One of my most favourite cousin’s is a great baker, and so multiple times, I have asked her to start a small business of baking cakes and brownies, which she has agreed to; however, every single time I would ask her to step out for a social gathering and start talking about it, she would bail! It took me a while to realize that she is an introvert, and being amongst many people drains her out instead of being energizing.
This was when I started doing some research to see how an introvert can try and break out of their shell even if for limited periods of time, so that they are still able to reap the benefits that an outgoing person would, from a social set-up, meeting new people, etc.
Let’s have a look at some important tips that can really elevate your social growth if you are an introvert:
The first step toward working on oneself is to know their personality traits and acknowledge that one can tweak them or do better.
Take baby steps: One day at a time is my golden rule of life! Never try to overachieve overnight; it almost never works. Start slow, and try to strike conversations with the people you are comfortable with, when you are out. It will help you feel at ease and also boost your confidence.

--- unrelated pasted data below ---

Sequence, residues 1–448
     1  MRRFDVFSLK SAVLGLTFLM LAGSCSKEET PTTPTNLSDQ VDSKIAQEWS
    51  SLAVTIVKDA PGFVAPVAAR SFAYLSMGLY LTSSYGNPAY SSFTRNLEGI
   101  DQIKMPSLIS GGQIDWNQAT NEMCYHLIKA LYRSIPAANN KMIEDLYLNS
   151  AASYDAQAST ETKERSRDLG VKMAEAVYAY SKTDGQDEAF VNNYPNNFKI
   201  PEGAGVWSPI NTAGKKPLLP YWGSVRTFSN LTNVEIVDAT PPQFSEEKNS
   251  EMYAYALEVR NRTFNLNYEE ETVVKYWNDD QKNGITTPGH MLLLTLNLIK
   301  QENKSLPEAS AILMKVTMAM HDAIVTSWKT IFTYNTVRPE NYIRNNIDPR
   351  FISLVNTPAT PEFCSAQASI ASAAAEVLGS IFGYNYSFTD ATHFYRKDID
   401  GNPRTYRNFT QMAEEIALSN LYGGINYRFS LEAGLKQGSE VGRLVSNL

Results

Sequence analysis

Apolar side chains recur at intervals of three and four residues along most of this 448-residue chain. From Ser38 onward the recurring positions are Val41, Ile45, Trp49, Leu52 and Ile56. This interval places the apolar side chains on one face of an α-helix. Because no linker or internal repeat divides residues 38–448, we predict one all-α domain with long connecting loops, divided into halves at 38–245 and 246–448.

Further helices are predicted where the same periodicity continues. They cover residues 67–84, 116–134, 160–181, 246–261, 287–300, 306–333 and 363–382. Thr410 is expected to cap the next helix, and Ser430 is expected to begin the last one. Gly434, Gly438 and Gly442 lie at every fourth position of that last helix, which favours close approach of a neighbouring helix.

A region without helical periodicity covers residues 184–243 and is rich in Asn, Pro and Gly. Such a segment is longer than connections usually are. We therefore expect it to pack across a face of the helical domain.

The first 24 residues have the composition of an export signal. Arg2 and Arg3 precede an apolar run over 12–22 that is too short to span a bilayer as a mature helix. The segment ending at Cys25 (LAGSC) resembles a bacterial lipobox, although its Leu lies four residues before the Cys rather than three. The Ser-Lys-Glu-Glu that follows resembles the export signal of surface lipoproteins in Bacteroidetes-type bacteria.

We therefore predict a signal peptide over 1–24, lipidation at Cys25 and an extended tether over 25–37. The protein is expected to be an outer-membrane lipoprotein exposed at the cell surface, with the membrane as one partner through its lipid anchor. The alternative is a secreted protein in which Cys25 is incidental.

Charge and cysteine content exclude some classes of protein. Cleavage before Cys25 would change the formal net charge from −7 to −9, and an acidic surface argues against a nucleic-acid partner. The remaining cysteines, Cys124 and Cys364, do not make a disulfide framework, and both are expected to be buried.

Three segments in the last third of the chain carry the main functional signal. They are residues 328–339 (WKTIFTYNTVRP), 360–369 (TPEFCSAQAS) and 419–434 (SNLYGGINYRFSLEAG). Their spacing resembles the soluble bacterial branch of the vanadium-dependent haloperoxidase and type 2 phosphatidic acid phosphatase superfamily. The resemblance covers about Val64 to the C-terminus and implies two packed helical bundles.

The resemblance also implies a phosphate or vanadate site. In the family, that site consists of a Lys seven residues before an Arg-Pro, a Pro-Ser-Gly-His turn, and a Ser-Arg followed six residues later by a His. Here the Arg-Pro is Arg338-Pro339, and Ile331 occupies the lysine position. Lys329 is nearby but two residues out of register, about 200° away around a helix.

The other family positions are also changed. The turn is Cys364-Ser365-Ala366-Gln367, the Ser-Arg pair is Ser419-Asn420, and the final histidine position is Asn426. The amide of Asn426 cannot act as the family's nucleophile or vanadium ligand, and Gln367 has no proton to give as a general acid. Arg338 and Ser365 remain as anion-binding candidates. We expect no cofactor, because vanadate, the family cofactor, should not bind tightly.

Recharge your batteries before: Before going to an event, centre yourself. Mentally prepare for an evening of socializing, and that will help you calm your nerves about stepping out of your comfort zone.
Prep for an event: Make a list of some basic and easy questions you could ask that would make for a simple but good conversation with people you’ve never met before.
Give yourself a job at the event: If you feel awkward standing around, find yourself a task, probably helping with drinks or snacks in the kitchen. I often find it a great way to start an easygoing conversation without putting much effort into it.
Recluse after the event: It’s understandable that you are depleted of all your energy after a social-do. The day after, give yourself to refuel your soul. Spend some quality time with yourself, go for a long walk or recluse with your pending book.
Leave early: Nobody expects anyone to stay through the event or the party. Once you have spent a good 30-40 minutes, mingled with at least 2-3 people, and had a decent chat, it is absolutely ok to excuse yourself from there.
Keep your close circle intact: It is normal to feel lonely and disconnected when you constantly meet new people and probably have not such deep conversations. Keep going back to your core group and engage in a heart to heart to avoid these empty feelings every now and then.
There are far more people with social anxiety than you think, and the only way to break the shackles is by keeping on trying even if you fail!
To understand your personality type better, take the Wealth Dynamics personality test, the world’s leading profiling tool for entrepreneurs.